This past week, former Ohio first lady Hope Taft (wife of Robert Taft, the former governor) and I had the incredible pleasure of leading 18 master gardener volunteers (MGVs) from Ohio State University Extension to Otavalo, Ecuador.
Our purpose was to assist 23 indigenous communities protect their water supply by collecting seedlings and seeds, planting trees and weeding.
The trip was sponsored by the Tandana Foundation. Hope’s daughter Anna founded the foundation, and Hope is its president. They have worked with the communities to develop projects that will help to improve the quality of life for the indigenous Andean people.
We left Ohio a week ago yesterday and arrived in Quito, Ecuador, at 11:30 pm. After the two-hour bus ride and check in at the La Posada Del Quinde in Otavalo, it was about 3 a.m. before we got in bed.
At 6 a.m. Saturday the rooster crowed, dogs barked and our day began. And, boy, did it begin with a rumble: We experienced the 6.9 earthquake that hit in Columbia, about three hours north of us. It was quite an experience to be eating breakfast and feel the floor roll and watch the hanging pots shake. It lasted for about 7-8 minutes and then subsided. We heard reports that no one was hurt, thank goodness.
Most of our work was done at the vivero or nursery. We had quite a trip up a pretty good mountain that was even higher in elevation. This nursery was developed by all of the communities and Tandana volunteers in order to grow the trees. Matias is the proud manager of the nursery and couldn’t wait until we got there.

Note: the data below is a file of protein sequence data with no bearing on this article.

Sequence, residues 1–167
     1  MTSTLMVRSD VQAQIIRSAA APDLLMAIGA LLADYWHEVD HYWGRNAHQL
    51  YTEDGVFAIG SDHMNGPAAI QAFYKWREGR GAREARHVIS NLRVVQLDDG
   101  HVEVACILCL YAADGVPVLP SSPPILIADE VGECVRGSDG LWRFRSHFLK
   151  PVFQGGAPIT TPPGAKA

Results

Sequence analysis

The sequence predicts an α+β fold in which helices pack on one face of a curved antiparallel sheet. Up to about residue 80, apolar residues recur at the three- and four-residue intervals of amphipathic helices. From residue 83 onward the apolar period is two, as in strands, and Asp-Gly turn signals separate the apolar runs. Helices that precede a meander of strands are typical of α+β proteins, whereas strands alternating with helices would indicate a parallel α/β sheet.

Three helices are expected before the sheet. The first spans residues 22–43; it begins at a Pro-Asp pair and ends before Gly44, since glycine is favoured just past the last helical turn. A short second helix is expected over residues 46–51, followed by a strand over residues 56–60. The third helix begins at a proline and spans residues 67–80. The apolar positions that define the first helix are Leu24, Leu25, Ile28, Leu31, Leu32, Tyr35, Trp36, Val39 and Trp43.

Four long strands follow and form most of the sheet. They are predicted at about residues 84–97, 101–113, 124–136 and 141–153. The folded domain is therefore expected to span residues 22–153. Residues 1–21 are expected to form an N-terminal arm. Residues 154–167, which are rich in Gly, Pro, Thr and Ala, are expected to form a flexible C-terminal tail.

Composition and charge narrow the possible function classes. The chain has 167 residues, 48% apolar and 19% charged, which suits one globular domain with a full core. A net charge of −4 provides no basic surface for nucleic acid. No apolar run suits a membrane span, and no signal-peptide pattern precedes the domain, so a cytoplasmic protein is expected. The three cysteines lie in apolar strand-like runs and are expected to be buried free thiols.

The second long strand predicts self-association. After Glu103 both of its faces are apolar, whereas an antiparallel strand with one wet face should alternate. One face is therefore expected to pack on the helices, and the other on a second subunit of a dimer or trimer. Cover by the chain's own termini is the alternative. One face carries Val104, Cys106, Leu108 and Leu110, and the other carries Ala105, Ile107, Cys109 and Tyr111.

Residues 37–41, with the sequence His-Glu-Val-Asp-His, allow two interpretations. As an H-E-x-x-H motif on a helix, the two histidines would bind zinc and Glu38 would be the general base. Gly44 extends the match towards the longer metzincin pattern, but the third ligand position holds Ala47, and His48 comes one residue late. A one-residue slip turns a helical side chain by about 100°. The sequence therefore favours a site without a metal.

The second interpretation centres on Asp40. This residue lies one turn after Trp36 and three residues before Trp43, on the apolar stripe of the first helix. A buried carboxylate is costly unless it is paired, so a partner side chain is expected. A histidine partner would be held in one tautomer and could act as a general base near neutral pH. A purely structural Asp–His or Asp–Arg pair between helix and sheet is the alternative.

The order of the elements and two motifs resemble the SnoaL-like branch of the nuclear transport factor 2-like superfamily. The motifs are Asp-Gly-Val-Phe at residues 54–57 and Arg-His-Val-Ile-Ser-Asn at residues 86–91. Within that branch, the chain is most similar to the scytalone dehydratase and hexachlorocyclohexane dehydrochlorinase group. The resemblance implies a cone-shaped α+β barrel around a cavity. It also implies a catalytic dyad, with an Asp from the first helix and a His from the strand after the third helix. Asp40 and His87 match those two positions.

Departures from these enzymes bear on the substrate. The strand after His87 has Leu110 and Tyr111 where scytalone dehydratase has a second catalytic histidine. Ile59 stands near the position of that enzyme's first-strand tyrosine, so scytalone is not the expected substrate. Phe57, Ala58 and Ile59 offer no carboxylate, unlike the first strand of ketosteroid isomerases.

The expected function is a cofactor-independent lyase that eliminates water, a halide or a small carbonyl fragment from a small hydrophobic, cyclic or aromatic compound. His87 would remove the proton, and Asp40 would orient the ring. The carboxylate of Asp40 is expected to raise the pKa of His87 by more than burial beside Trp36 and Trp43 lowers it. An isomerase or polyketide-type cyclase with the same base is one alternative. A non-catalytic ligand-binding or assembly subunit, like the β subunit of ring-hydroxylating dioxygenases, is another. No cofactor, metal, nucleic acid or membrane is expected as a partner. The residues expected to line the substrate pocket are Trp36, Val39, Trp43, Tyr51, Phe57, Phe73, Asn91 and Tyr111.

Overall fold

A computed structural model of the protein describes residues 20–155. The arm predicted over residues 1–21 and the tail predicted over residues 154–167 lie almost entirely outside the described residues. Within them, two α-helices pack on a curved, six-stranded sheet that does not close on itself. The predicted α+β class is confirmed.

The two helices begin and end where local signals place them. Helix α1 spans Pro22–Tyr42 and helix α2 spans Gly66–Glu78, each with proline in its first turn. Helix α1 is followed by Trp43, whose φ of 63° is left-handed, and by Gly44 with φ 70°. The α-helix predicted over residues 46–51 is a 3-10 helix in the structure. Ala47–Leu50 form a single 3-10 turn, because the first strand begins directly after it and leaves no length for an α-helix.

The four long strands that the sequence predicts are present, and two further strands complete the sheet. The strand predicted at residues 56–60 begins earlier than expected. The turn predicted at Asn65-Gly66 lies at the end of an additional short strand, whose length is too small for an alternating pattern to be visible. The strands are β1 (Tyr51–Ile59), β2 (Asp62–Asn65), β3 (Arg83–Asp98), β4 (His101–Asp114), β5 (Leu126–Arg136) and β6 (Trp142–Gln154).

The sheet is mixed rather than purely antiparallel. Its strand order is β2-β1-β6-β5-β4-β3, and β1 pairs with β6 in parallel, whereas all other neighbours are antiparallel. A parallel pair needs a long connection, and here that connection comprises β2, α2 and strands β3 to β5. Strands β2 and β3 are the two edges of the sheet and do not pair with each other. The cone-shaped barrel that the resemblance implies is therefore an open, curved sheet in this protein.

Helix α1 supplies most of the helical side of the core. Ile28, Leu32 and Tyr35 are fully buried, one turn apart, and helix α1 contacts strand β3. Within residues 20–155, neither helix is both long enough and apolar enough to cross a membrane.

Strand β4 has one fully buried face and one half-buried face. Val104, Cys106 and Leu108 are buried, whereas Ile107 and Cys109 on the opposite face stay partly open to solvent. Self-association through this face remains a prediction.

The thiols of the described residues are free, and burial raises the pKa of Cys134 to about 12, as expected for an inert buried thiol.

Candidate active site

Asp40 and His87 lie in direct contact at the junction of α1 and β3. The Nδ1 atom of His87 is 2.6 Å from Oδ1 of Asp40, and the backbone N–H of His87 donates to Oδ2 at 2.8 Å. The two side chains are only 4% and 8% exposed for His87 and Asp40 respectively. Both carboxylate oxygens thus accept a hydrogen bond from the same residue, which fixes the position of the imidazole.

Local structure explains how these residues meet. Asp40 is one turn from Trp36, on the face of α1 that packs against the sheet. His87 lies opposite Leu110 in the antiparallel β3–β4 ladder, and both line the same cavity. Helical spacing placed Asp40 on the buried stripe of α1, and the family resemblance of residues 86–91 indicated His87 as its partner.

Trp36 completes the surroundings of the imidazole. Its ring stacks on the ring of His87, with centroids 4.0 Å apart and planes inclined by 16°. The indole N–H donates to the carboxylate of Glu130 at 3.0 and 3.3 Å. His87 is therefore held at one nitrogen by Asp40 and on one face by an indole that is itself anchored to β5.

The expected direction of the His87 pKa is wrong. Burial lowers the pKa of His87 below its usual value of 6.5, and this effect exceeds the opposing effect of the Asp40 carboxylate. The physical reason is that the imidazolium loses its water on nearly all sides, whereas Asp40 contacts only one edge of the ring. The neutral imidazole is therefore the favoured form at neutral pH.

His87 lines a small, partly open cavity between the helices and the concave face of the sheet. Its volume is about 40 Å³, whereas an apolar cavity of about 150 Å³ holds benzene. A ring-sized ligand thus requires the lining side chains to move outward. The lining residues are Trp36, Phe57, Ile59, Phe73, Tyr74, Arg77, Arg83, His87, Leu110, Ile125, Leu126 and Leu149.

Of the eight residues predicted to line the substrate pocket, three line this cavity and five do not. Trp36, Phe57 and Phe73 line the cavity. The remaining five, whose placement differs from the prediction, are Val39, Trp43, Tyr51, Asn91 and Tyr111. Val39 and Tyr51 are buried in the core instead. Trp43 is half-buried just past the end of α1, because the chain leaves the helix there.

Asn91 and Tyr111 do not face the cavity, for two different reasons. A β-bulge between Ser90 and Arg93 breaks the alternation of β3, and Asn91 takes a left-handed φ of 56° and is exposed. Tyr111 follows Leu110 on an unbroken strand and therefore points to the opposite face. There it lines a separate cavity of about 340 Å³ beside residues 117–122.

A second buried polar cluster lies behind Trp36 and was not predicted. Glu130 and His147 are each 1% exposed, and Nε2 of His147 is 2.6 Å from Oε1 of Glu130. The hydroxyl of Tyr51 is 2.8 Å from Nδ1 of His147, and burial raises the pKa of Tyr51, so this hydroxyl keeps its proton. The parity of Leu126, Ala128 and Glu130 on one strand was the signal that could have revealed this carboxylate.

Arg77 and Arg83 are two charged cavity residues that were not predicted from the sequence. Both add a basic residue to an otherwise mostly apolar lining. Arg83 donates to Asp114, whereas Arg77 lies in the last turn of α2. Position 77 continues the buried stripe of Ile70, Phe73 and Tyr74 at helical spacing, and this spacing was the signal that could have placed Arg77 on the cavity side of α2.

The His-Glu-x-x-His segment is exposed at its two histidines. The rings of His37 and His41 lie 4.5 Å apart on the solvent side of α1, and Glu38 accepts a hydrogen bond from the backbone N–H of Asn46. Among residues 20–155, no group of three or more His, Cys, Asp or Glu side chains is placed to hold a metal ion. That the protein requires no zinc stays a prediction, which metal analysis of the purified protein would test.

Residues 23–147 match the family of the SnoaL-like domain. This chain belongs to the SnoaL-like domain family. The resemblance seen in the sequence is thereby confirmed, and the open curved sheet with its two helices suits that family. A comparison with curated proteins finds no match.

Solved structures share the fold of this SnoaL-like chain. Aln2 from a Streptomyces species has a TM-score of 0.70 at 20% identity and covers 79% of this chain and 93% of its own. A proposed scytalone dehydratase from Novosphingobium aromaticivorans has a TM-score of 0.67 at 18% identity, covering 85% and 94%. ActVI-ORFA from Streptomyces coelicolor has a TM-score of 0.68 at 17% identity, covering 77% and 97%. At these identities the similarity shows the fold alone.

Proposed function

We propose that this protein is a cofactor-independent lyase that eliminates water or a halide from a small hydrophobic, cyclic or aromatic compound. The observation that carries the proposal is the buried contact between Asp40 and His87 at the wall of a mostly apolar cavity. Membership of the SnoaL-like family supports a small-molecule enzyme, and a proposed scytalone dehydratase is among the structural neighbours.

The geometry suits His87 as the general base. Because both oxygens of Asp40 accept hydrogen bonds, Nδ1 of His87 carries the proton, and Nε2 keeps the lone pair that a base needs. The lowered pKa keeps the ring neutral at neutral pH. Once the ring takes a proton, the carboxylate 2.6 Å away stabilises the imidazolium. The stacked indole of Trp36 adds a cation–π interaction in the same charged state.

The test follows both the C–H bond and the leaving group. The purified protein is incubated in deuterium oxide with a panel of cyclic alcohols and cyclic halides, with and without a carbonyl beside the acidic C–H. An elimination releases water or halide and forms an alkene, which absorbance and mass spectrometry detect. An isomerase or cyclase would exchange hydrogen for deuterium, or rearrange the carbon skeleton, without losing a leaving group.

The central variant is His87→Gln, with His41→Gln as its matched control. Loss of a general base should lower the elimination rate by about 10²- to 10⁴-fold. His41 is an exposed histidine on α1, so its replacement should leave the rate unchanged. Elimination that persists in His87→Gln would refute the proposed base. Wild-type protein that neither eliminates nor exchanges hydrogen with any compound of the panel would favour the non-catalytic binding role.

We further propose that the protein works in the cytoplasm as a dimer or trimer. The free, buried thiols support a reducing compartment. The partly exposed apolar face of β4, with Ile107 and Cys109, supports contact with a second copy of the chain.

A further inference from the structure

After receiving an overview of the nursery and the purpose, we went to work. The foundation kind of thought that maybe we would be bored with our work and that it wouldn’t meet our expectations. What they learned was that extension master gardeners don’t mind a little weeding — in fact, we love to weed and work outside.
For us, it was such a pleasure to work in the “garden,” something we haven’t done in few months. After our morning work session we had a picnic and headed back to the bus. When Hope asked Matias what he thought about our work, she said she didn’t need an interpreter. He was so excited and must have said gracias a hundred times and smiled the entire walk up the hill.
On Monday we went to one of communities and visited a school. We worked with 10-11 year olds and planted trees.
This has been one of the most rewarding events of my career.
For more information, go online to www.tandanafoundation.org and click on Partners and Links on the left then click on Ohio State Master Gardeners for my blog from the trip.
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